A Comparison of Genital HIV-1 Shedding and Sexual Risk Behavior Among Kenyan Women Based on Eligibility for Initiation of HAART According to WHO Guidelines

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Abstract

Background:

Guidelines for initiating antiretrovirals are based on markers of advanced disease and are not directly linked to markers of HIV-1 transmission such as viral shedding.

Methods:

We evaluated genital HIV-1 shedding and risk behavior among 650 antiretroviral-naïve women stratified by WHO criteria for initiating antiretrovirals based on CD4 count and symptoms.

Results:

Genital HIV-1 concentrations increased in stepwise fashion with declining CD4 counts and the presence of symptoms. Compared with the reference group (asymptomatic with CD4 >350 cells/μL), those with advanced immunosuppression (CD4 <200 cells/μL) had significantly higher cervical HIV-1 RNA concentrations (2.4 log10 copies/swab vs. 3.8 log10 copies/swab, P < 0.001). However, women with CD4 counts <200 cells/μL were also less likely than the reference group to report intercourse during the past week (58% vs. 26%, P < 0.001).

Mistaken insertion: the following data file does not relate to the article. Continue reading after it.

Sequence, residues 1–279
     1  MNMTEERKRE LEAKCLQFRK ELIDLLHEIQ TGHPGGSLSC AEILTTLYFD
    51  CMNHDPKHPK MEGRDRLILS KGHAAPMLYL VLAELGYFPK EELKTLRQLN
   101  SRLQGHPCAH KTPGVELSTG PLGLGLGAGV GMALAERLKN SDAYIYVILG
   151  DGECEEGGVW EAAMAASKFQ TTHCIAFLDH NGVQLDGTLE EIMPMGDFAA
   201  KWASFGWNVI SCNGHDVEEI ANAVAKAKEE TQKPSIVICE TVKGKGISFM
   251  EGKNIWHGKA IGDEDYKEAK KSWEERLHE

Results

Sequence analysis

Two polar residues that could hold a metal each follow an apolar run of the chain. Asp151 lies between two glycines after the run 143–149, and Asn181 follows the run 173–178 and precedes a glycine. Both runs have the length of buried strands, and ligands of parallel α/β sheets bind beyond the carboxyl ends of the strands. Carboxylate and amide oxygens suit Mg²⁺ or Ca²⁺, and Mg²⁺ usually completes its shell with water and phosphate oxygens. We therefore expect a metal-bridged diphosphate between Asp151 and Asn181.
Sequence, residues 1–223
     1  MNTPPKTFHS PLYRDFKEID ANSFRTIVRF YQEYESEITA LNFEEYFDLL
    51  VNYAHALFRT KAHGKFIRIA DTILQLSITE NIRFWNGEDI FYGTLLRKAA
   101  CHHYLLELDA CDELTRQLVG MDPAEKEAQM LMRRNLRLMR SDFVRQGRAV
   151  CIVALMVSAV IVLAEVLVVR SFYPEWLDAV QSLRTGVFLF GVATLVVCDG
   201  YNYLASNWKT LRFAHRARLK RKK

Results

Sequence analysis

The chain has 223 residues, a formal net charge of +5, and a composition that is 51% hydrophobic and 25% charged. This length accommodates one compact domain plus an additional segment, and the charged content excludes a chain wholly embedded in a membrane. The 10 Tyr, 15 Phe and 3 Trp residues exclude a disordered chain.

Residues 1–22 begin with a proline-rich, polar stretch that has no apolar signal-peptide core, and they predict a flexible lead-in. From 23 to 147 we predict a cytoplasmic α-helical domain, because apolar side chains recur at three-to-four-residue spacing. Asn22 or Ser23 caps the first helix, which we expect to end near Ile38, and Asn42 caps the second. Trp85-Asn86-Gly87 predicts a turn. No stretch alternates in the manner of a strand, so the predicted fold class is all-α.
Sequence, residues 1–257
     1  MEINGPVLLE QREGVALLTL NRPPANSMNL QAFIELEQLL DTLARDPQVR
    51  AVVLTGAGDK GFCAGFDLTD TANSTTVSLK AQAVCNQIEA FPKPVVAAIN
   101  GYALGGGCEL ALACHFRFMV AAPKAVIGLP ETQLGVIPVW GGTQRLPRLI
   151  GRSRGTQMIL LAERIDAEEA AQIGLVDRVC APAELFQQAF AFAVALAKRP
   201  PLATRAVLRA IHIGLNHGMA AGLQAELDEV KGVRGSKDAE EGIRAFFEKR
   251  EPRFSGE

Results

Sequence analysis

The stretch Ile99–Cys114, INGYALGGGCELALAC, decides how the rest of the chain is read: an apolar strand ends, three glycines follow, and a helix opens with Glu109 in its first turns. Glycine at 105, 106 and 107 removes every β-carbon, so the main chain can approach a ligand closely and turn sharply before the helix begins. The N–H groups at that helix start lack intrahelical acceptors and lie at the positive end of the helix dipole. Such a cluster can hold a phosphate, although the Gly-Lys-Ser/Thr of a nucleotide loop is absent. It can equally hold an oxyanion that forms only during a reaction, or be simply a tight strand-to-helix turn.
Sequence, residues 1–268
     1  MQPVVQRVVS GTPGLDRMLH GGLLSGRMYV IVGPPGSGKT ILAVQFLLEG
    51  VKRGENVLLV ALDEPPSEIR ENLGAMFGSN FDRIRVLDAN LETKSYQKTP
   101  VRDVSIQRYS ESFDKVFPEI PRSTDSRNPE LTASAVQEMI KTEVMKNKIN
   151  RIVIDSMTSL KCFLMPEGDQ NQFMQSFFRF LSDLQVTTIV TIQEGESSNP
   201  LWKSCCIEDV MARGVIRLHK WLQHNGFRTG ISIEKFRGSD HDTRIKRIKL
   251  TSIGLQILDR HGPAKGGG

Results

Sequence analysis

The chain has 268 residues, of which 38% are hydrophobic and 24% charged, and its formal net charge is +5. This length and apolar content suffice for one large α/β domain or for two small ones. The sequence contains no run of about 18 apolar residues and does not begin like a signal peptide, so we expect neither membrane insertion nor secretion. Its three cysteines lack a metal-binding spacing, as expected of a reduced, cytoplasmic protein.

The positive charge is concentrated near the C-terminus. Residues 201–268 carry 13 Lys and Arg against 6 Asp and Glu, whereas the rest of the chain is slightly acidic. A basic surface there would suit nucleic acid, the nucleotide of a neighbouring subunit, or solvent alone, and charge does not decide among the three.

Conclusions:

Antiretroviral guidelines focusing on individuals with the most advanced immunosuppression will target those with the highest genital HIV-1 concentrations. However, individuals with less advanced immunosuppression also have high levels of genital HIV-1 and may be more sexually active. The effect of increased antiretroviral availability on the spread of HIV-1 might be enhanced by extending treatment, in addition to other risk reduction services, to those with less advanced disease.

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